As Mike Keenan prepares to come back on top in his third KHL season with Metallurg Magnitogorsk, reporter talked to him and a popular phrase Iron Mike likes to repeat quite often seemed to be the perfect start of this conversation. 

Some people might say that experience is what you get when you do not get what you want. Are they right? 
Exactly. I think somebody in particular told you that. 

Yes, I have a spy among your staff. So, in terms of experience, your second season was more fruitful than your first. 
It depends how you interpret the word, “experience.” A winning experience is very valuable, but if you learn from a losing experience, then it can be just as valuable. Certainly, in our evaluation, we maybe did even better than in the previous year, because we had so many injuries to major players and yet we were still able to sustain the same winning percentage as in my initial year. However, as for the playoffs, part of our evaluation is that we just ran out of bodies in our last game against Sibir. We had no other players to play - we were completely down to our limit because of injuries. That is part and parcel of a learning experience. 

But if you put all the blame on injuries, surely that will get you nowhere. You can never know what would have happened otherwise.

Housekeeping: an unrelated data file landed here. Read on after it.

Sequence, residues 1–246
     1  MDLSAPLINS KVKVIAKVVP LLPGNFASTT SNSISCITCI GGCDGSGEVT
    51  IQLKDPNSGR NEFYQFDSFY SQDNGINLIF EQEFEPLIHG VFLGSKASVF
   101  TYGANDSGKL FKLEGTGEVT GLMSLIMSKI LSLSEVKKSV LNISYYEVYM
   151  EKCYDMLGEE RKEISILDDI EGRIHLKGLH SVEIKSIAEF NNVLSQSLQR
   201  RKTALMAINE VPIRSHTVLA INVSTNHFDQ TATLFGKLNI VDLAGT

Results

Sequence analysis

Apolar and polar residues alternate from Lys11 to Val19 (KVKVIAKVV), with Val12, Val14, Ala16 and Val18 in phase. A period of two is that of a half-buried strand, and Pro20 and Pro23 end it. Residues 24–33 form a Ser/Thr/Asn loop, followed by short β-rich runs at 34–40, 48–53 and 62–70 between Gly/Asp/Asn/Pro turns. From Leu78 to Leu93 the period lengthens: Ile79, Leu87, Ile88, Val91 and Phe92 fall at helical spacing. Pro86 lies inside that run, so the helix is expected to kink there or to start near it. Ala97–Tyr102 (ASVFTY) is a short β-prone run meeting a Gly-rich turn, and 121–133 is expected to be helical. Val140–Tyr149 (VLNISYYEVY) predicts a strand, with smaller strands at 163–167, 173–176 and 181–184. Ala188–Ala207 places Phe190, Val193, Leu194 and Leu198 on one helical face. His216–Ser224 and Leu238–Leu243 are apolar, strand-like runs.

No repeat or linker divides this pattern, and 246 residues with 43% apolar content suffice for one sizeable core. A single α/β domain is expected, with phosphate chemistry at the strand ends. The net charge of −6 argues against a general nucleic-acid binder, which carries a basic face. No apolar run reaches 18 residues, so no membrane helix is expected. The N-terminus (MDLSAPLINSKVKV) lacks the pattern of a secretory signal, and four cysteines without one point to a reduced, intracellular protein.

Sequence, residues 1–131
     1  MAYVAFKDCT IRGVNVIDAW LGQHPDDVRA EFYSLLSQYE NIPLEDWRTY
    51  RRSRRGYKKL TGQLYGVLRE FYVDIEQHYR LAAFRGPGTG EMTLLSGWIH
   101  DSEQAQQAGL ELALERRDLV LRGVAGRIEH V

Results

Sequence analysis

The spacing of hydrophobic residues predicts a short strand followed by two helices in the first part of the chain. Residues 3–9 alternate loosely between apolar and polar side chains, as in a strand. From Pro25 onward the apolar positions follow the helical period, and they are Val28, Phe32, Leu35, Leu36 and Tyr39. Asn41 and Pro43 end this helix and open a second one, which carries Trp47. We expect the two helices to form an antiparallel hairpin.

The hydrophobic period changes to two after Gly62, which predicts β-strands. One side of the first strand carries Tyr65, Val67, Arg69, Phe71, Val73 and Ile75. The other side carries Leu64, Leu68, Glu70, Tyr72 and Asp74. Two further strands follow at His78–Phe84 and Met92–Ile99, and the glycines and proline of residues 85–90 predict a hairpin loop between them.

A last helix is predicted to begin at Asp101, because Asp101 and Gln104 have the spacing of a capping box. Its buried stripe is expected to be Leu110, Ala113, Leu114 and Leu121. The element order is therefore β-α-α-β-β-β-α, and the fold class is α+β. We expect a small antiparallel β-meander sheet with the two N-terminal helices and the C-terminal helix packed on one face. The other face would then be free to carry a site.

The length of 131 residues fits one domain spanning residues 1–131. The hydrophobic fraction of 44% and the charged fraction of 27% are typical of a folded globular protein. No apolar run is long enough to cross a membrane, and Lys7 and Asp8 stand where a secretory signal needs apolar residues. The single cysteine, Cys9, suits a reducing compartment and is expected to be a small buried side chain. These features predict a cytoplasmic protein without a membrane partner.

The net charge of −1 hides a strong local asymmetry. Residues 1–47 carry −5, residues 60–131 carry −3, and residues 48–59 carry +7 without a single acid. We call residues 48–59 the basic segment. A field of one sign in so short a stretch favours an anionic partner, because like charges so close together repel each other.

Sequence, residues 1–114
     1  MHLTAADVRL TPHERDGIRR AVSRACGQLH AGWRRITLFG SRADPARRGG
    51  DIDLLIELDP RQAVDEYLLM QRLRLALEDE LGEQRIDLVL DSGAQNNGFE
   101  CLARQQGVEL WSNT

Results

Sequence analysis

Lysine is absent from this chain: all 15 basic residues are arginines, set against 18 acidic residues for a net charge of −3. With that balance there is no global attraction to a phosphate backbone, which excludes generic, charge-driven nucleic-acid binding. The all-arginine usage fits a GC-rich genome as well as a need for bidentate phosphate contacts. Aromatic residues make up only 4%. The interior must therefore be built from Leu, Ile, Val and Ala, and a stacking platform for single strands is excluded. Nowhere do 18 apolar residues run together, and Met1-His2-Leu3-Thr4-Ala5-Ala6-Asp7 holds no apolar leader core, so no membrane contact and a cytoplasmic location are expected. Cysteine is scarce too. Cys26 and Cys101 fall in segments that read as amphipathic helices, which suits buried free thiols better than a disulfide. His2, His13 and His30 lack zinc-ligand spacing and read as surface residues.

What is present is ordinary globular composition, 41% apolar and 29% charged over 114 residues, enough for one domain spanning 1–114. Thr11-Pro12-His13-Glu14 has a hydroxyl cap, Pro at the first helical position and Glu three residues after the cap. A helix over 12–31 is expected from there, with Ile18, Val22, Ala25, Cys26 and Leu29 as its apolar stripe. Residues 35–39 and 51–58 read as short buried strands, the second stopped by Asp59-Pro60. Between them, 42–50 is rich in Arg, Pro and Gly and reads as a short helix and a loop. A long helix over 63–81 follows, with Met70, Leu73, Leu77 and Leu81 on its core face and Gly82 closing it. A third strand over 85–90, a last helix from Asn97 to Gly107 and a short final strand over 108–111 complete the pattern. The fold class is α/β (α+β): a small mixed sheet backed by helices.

I am not saying that was the sole reason, but it was the major reason. There are many other variables, but if you lose your top players, then during the course of the season you lose some momentum and you certainly lose some integration, as you are patching the team because of these injuries rather than having a fluid team that is playing together all the time. That is one by-product, and we have to make some better adaptations, particularly as our opponents study us and learn more about us. In particular, our top line was fresh and new in my first year, so people went to work and studied them for the second year. That line still had pretty good results, although (Sergei) Mozyakin was out twice with major injuries, so this year we have increased our depth and added more offense. We think that the second unit has proved during the preseason that they can contribute as well, so maybe this depth, something that we have addressed, will help us.